A Trustee has a so-called “fiduciary” duty — i.e., a duty that involves legal responsibility and accountability to the trust beneficiary — to manage the assets of a trust strictly according to the terms of the trust for the sole benefit of the beneficiaries. 

A Trustee cannot favor the interests of one beneficiary over another beneficiary (i.e., the “duty of impartiality”) unless the trust instrument so allows.  In California, a trustee must execute his or her fiduciary duties using the authority granted in the trust instrument and in the Probate Code, as further defined by case law.

Some provisions in the trust are mandatory – i.e., must be implemented – and often involve “objective” (measurable) standards to be carried out.  Other provisions, however, are permissive and/or are mandatory but still involve subjective standards for implementation.  Anything that is permissive or subjective involves discretion and usually gives the trustee some flexibility as to whether, how and when to act.   

Whether a decision is mandatory or discretionary and how much flexibility the trustee has is primarily determined by the trust instrument, but secondarily determined by the Probate Code and any relevant case law decisions.    

Mandatory provisions involve no trustee discretion.  For example, “the trustee shall distribute principal for the beneficiary’s health, education, maintenance and support.”  The use of the word “shall” requires the trustee to meet the beneficiary’s needs. 

However, other provisions involve trustee discretion.  That is, a trustee must use his or her best judgment in a fiduciary capacity.  For example, “the trustee may distribute principal for the beneficiary’s maintenance and support as the trustee sees appropriate.”  The use of the word “may” requires the trustee to exercise his or her best judgment under the prevailing circumstances, in good faith, and in furtherance of the purpose of the trust.   

As a general rule, section 16040(a) of the Probate Code provides that, “[t]he trustee shall administer the trust with reasonable care, skill, and caution under the circumstances then prevailing that a prudent person acting in a like capacity would use in the conduct of an enterprise of like character and with like aims to accomplish the purposes of the trust as determined from the trust instrument.”  California case law has further defined the foregoing “prudent person” standard to mean that a trustee must act in good faith and with reasonable prudence, discretion and intelligence.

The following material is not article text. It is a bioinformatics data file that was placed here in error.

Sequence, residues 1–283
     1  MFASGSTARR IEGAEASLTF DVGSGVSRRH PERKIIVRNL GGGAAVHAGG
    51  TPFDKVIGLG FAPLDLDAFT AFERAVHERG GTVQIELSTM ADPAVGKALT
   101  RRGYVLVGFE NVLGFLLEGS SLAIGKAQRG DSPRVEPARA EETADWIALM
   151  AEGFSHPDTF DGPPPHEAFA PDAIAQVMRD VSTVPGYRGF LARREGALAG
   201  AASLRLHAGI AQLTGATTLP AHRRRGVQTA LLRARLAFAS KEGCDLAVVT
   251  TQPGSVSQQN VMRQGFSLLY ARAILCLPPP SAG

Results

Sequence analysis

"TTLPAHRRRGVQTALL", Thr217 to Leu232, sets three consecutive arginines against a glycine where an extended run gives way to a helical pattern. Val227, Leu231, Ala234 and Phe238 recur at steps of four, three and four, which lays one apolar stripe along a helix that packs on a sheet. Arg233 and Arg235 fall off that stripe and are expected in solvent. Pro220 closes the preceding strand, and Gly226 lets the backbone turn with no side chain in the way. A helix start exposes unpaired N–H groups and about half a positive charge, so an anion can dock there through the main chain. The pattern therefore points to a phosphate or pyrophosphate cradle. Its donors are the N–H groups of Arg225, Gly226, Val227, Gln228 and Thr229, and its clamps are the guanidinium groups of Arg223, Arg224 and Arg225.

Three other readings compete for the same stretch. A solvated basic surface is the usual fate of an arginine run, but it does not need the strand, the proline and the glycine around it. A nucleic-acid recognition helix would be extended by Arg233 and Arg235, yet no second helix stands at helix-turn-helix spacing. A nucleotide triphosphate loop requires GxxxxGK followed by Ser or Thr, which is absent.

Next, the general rule regarding a trustee’s investment decisions in particular is section 16047(a) of the Probate Code which provides that, “[a] trustee shall invest and manage trust assets as a prudent investor would, by considering the purposes, terms, distribution requirements, and other circumstances of the trust. In satisfying this standard, the trustee shall exercise reasonable care, skill, and caution.”

However, a trust can expressly remove the prudent person and prudent investor standards and provide the trustee with “absolute” discretion”.   Even then section 16081 (a) of the Probate Code provides that, “… if a trust instrument confers ‘absolute,’ ‘sole,’ or ‘uncontrolled’ discretion on a trustee, the trustee shall [still] act in accordance with fiduciary principles and shall not act in bad faith or in disregard of the purposes of the trust.” 

Thus, a trustee as a fiduciary still must always act appropriately given all relevant considerations and the purposes of the trust.  A trustee with absolute discretion still cannot simply disregard the trust’s purpose or act in bad faith.  To do so would defeat the purpose(s) of the trust which would violate the trustee’s fiduciary duty of loyalty to the trust.

When a trustee breaches a fiduciary duty or fails to act (i.e., a non performing trustee), a beneficiary can petition the court for instructions regarding the administration of the trust and/or for removal of the trustee.  Doing so is litigation and leads to a trial or a negotiated settlement.  Selecting a competent and capable trustee and having a well drafted trust can minimize these risks.

The foregoing is not legal advice.  Consult an attorney if confronting these issues. Dennis A. Fordham, attorney, is a State Bar-Certified Specialist in estate planning, probate and trust law. His office is at 870 S. Main St., Lakeport, Calif. He can be reached at Dennis@DennisFordhamLaw.com and 707-263-3235.